According to a further aspect of the invention, there is provided a method for configuring a hydraulic actuator connecting a tiltable drive unit to a marine craft to permit the drive unit to tilt when the drive unit encounters an obstacle. The actuator includes a cylinder with a piston reciprocatingly received therewithin. The method comprises providing the piston with a passageway extending from a first side thereof to a second side thereof and providing a valve member having an open position where the passageway is open and a closed position where the passageway is closed. The valve member is biased towards the closed position with a resilient member having sufficient rigidity so that movement of the valve member towards the open position, when the encounters the obstacle, is more dependent upon the rigidity of the resilient member than upon a preload applied to the valve member.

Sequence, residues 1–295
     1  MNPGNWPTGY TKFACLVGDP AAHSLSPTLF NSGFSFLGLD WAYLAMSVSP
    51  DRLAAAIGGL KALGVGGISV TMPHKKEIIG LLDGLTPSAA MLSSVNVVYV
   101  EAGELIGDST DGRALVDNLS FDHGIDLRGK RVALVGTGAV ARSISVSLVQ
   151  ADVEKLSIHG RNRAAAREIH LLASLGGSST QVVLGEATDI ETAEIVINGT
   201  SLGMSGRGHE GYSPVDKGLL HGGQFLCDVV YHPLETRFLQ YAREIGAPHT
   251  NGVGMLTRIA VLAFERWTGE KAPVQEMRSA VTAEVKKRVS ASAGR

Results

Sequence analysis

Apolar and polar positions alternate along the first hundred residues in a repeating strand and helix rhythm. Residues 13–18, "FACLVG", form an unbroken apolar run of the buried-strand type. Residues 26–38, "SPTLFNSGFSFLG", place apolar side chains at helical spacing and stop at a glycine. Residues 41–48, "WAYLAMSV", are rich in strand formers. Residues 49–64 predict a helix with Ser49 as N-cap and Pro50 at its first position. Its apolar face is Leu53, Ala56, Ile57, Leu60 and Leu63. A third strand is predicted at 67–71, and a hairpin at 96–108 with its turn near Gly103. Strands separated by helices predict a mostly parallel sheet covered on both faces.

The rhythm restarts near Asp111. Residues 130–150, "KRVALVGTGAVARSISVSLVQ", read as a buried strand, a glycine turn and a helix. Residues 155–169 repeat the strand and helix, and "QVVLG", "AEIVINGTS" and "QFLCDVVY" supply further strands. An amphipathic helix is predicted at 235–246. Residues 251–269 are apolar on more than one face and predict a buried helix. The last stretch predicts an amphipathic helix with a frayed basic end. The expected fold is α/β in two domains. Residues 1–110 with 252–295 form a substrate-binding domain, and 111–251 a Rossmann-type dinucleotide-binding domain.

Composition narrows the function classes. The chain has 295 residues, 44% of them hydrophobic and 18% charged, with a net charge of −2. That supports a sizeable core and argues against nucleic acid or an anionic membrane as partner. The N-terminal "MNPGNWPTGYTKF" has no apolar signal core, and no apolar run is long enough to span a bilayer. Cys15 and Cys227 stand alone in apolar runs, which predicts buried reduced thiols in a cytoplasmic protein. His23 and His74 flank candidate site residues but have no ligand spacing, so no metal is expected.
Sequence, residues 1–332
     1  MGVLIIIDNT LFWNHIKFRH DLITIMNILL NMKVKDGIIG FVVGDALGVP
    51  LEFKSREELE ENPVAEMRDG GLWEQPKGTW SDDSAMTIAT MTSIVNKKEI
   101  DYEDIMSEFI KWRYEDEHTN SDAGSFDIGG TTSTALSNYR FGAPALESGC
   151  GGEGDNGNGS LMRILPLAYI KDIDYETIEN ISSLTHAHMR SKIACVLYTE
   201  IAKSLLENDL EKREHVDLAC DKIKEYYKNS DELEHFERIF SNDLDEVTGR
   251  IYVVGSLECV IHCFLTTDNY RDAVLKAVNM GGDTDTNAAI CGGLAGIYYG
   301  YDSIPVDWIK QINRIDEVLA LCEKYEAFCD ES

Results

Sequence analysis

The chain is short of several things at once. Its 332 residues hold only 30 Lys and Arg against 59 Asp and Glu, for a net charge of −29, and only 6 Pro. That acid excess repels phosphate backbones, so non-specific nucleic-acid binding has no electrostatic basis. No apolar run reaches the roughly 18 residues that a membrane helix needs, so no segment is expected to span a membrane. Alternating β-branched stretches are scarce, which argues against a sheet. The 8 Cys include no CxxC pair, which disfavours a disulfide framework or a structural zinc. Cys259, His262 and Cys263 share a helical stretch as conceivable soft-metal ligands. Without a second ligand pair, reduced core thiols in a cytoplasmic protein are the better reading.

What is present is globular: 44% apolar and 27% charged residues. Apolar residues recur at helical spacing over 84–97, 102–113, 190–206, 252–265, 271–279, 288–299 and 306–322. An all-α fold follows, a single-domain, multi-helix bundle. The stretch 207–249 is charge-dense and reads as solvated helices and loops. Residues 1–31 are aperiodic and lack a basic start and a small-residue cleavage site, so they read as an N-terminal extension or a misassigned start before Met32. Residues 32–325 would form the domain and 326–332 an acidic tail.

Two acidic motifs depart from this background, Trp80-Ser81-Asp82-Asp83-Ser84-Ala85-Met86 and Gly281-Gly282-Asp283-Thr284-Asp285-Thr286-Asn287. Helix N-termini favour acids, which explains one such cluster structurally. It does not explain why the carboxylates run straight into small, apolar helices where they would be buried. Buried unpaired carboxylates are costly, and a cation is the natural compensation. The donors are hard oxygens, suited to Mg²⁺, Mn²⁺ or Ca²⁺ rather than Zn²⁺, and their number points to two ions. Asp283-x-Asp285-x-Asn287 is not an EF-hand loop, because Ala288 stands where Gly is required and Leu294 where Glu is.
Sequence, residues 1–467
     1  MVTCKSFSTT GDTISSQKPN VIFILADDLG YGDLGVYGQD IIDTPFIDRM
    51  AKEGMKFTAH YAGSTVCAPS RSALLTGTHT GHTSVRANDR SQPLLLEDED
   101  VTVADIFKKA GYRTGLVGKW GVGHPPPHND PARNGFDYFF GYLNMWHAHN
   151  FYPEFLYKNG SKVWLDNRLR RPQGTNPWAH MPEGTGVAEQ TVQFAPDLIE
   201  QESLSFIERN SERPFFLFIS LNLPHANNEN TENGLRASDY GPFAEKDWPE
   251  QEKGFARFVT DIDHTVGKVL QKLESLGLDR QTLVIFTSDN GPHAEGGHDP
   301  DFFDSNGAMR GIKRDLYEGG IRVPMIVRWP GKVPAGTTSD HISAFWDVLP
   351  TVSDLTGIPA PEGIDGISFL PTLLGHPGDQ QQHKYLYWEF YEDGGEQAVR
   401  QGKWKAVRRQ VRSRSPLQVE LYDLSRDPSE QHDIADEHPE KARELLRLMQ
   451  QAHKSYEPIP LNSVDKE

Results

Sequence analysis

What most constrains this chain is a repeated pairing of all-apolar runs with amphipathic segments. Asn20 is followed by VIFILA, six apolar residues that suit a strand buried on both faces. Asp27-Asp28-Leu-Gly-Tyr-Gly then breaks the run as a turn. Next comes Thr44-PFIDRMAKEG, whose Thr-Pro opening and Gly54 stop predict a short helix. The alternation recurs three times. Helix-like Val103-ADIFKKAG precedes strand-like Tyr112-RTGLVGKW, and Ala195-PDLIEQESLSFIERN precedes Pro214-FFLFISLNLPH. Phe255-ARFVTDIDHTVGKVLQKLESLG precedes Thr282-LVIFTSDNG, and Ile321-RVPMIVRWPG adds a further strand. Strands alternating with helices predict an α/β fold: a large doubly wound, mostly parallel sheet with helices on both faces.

According to a still further aspect of the invention, there is provided a shock absorbing apparatus comprising a fluid actuator having a piston with a passageway therethrough and a valve controlling fluid flow from one side of the piston to another side thereof. The valve includes a closure member biased towards a valve seat by a resilient member and a stop limiting movement of the closure member away from the valve seat. The resilient member has a rigidity such that initial opening of the closure member with respect to the valve seat, due to pressure of fluid in the passageway, is determined by preload applied to the closure member by the resilient member. Movement of the closure member further away from the valve seat, until limited by said stop, is determined more by the rigidity of the resilient member than the preload. Fluid flow through the passageway is limited by an orifice between the closure member and the valve seat when the stop limits movement of the closure member away from the valve seat.